Anyone attempting to tackle the overwhelming problems facing the Buffalo Public Schools would be in for a rough ride. The chronic problems of underachievement, absenteeism, low graduation rates and lack of parental support are issues that any concerned community would meet with impatience.
Let's be honest -- any district that graduates less than half of its students from high school is a district in crisis.
But in the aftermath of James A. Williams and his failed my-way-or-the-highway approach to school leadership, Interim Superintendent Amber M. Dixon has been a welcome relief. Since her appointment in August, she's been forced to navigate treacherous waters and done so with unpretentious skill, diplomacy and collaboration.
Elevated from her prior position as the district's executive director of evaluation, accountability and project initiatives, Dixon set the tone early on. As noted in The News story by education reporter Mary Pasciak, Dixon willingly gave up district perks and pay that her predecessor enjoyed, banned out-of-state travel for staff, and no longer permits taxpayer money to be spent on food for staff meetings.
Beyond that, she has worked with the community to reform the district's trigger-happy suspension policies, trimmed down administrative ranks and looked to the teachers and administrators on her front lines for help in addressing some of the district's most difficult challenges.
What she hasn't done is equally important. She hasn't lobbed any verbal grenades or cast aspersions on the stakeholders whose buy-in she needs to turn the district around. That's been quite evident in the ongoing negotiations with the Buffalo Teachers Federation over the thorny issue of teacher evaluations.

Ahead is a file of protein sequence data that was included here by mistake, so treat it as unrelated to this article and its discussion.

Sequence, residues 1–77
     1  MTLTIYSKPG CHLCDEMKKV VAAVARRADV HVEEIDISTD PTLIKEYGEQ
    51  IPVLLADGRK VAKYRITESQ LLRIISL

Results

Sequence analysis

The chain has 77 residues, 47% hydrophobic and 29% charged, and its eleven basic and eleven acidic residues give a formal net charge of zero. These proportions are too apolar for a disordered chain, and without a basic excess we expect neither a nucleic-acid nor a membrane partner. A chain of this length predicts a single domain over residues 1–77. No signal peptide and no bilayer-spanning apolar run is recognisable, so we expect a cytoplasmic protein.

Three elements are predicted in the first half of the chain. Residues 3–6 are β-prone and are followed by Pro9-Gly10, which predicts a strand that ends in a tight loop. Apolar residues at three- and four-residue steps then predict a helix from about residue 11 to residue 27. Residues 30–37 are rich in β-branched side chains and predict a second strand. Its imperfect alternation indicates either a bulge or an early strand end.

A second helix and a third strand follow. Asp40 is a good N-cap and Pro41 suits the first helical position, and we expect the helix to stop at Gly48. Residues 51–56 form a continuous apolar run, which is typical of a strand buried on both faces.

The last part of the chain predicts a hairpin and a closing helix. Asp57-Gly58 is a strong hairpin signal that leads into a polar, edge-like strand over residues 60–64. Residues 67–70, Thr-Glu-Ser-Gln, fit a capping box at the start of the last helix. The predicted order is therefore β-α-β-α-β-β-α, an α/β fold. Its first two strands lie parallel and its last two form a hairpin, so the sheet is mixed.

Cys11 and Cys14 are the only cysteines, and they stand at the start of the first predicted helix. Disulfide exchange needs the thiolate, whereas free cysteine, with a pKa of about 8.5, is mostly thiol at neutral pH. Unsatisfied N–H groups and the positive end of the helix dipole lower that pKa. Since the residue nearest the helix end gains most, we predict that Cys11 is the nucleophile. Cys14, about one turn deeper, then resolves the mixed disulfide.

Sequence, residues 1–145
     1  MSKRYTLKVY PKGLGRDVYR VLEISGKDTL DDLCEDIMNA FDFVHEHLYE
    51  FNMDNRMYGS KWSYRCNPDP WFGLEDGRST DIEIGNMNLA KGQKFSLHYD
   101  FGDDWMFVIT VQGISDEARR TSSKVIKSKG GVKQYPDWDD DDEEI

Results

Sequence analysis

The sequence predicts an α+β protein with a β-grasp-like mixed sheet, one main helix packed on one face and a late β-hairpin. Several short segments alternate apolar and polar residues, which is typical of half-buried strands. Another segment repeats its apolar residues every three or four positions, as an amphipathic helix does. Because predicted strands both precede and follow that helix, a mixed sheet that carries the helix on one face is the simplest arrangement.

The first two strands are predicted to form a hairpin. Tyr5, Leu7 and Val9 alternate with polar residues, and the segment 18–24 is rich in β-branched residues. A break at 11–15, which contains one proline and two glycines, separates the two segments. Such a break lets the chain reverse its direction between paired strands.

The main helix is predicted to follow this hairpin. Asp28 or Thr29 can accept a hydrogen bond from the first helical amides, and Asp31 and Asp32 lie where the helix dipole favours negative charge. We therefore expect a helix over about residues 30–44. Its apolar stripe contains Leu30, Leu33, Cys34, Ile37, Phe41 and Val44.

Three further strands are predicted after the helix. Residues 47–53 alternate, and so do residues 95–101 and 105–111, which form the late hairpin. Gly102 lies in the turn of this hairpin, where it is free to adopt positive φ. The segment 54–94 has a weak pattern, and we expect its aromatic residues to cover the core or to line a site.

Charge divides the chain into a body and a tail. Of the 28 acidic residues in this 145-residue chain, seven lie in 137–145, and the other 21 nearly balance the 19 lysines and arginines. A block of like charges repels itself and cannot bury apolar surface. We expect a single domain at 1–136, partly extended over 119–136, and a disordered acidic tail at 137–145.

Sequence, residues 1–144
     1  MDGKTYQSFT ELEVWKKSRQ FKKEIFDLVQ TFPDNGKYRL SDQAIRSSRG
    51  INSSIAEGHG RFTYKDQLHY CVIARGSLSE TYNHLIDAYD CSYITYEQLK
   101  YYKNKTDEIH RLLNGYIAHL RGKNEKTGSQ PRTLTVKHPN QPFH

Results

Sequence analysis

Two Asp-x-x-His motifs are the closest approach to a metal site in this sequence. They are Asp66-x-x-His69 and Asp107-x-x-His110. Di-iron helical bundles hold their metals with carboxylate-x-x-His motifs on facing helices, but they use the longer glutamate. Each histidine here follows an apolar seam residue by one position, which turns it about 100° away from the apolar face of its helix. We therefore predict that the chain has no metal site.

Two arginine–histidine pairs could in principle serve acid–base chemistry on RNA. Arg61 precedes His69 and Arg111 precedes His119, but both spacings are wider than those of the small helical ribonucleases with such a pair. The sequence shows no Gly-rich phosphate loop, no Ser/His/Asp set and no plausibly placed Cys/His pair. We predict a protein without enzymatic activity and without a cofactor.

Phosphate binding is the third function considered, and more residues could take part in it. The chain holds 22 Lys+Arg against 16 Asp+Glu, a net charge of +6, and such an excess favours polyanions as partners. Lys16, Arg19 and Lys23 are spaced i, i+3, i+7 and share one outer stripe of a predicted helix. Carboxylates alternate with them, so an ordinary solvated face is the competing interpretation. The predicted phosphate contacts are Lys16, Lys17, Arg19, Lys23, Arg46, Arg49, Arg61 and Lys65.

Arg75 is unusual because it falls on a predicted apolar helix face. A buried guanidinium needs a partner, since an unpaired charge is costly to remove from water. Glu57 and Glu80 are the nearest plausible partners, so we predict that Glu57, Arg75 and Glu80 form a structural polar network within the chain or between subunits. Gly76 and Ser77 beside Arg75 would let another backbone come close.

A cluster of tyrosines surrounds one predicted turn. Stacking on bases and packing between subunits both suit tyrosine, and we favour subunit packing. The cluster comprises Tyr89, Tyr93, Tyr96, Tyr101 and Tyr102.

With $5.6 million in state education money at stake, Dixon clearly outlined her worries, her sense of urgency and her attempts to reach a workable solution without the kind of blame-laying language that breeds resentment and defensiveness.
Regardless, it's clear that collaboration only works when all sides are willing to do it. If there's one thing Dixon's approach will make clear to us as a community, it is who is willing to be a partner in finding solutions and who isn't.
Short of possessing superhuman qualities, Dixon will likely continue to face roadblocks. But to the extent she can lay the groundwork and open lines of communication, she has proven herself capable.
Are there still huge issues facing the city schools that Dixon can and should move faster to address? Yes. Is it realistic to believe Dixon can turn around long-standing problems in half a year's time? Maybe not.
Does she have the long-term vision, strength of character, insight and commitment to be successful as the permanent superintendent of the Buffalo Public Schools? We don't know. There are pros and cons to keeping someone "on the inside" as a long-term leader for such an ailing district. For that reason, the search for a permanent superintendent needs to continue -- with Dixon in the mix.
What we do know is that, for right now, Dixon has been a breath of fresh air who possesses some admirable leadership qualities that any future superintendent will need to reform this district for the better.